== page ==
I nearly threw my controller in rage fighting this beast that I hadn’t had the pleasure of seeing my grill kicked in repeatedly. Let’s just say I was pretty damned “Moody” facing him and the Kryll-shielding final boss on Hardcore. Thank God I finally realized that weapons laying on the ground are no longer just there for cosmetic reasons. If there’s a Gnasher shotty or rapidfire Hammerburst for the taking, it’s because you’re going to find these damn things pretty useful. Longshot or Torque Bow? There’s likely some sniperfucks you must take out, and so forth. Hammer of Dawn? Say no more.

At press time, I was only able to play a handful of the 20 multiplayer stages with some Coalition testers and other wacky game journalists for about an hour. But my new favorite mode for Gears of War 1 had to be King of the Hill, selfishly, because I nearly survived most of my time with this mode; but, seriously, because stealth in a cover-based shooter like Gears is cool. Destiny and Titanfall vets will adore the frantic madness that is Team Deathmatch, and the better news is there’s lots of characters, levels, and blood-sporty ways to die in this edition.

Bottom line: For $40, you’re getting an absolutely gorgeous version of one of the best games of all time (both multiplayer and campaign). If you’re a diehard GOW fan of yesteryear like me, get it. If you’re an Xbox junkie and need something to play that isn’t the complicated chore that’s Metal Gear Solid, get it. If you trade in a game or two, this Ultimate Edition will only cost you a 20-spot–and your locust behind will have the pleasure of being sawed down by yours truly’s trusty Lancer (XBL@TravMoody12).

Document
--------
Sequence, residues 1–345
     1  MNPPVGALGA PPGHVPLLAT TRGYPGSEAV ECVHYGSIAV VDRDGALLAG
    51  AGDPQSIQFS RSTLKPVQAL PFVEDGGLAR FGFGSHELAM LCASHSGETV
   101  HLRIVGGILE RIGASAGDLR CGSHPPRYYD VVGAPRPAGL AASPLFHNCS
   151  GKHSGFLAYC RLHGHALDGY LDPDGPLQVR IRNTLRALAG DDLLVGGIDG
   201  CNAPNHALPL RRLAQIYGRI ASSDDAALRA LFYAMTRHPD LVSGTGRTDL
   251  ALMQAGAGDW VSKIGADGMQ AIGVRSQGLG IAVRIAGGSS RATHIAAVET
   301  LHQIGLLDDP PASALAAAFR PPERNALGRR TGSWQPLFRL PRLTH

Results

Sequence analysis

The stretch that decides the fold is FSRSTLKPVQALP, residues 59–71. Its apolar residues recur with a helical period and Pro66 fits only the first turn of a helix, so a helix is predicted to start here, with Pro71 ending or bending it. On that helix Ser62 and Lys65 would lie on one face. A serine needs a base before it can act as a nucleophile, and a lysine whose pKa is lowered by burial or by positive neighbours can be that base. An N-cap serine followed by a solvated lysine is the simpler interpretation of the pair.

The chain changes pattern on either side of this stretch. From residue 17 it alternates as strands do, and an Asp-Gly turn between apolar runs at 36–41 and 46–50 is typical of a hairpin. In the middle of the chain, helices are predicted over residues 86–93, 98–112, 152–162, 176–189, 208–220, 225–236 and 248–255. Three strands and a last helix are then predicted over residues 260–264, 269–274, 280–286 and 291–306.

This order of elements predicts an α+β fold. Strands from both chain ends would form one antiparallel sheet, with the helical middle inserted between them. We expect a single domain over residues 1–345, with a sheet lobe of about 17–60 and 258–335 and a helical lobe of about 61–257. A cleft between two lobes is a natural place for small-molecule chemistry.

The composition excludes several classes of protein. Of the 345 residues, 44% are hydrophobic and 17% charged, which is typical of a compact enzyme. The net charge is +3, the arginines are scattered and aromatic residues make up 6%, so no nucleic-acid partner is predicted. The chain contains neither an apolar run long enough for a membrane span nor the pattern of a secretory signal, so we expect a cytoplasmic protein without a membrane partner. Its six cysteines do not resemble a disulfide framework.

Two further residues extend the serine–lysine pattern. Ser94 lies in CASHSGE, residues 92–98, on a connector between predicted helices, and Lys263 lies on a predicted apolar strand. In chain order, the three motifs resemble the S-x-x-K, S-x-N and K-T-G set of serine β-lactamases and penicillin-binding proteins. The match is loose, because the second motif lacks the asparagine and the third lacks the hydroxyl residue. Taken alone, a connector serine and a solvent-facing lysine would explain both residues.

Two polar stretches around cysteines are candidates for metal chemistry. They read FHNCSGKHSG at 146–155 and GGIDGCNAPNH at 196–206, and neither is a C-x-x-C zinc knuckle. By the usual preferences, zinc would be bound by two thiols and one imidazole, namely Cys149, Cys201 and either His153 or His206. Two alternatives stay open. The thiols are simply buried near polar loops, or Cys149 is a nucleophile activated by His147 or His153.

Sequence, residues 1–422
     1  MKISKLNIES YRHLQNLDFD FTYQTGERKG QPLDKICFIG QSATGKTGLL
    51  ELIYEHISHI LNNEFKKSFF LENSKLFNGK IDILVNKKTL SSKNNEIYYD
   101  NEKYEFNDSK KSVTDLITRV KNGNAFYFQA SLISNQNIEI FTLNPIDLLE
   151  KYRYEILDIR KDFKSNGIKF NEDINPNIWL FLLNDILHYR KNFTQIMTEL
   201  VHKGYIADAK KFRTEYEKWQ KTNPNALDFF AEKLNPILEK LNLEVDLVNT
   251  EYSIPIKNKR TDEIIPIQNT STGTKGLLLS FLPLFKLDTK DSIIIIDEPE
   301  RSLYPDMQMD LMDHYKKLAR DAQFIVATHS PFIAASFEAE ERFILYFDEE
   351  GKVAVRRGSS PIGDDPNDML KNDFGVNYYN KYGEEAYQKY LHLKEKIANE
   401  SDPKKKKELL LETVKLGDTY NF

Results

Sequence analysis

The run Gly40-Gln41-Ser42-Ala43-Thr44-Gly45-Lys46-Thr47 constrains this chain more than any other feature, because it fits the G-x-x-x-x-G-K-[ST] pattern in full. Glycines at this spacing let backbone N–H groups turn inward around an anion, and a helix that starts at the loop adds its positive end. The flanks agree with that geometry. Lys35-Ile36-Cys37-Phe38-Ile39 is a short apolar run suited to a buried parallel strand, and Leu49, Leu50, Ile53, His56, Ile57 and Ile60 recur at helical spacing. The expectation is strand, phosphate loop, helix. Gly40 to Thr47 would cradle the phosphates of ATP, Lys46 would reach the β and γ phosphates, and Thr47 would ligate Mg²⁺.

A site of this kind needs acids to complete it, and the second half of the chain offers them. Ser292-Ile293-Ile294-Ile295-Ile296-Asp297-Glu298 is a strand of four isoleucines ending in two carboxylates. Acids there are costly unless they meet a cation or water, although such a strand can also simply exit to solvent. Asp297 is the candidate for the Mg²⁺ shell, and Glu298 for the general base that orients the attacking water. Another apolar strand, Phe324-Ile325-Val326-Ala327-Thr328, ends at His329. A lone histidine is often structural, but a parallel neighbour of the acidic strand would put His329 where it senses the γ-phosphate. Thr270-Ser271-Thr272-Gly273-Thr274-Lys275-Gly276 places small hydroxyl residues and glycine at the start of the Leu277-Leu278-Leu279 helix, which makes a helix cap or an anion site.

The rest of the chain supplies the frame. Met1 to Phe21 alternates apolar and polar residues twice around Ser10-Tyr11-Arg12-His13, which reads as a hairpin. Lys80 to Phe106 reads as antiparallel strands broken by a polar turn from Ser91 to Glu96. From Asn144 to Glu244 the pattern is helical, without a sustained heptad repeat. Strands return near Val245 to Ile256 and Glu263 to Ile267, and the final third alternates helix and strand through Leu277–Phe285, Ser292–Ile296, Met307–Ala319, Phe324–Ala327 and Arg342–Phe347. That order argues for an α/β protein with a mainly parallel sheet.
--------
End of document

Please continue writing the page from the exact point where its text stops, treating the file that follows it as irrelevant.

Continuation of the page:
4.5 (out of 5) Bibles. 5 Bibles for the Ultimate packaging, and classic feel of a classic game; 4 Bibles for its slight datedness and original A.I.
4.25 (out of 5) Bibles. 5 Bibles for its entire Ultimate packaging, and classic arcady feel of a classic game; 3.75 Bibles for its slight datedness and original A.I.










Microsoft’s Gears of War: Ultimate Edition releases tomorrow.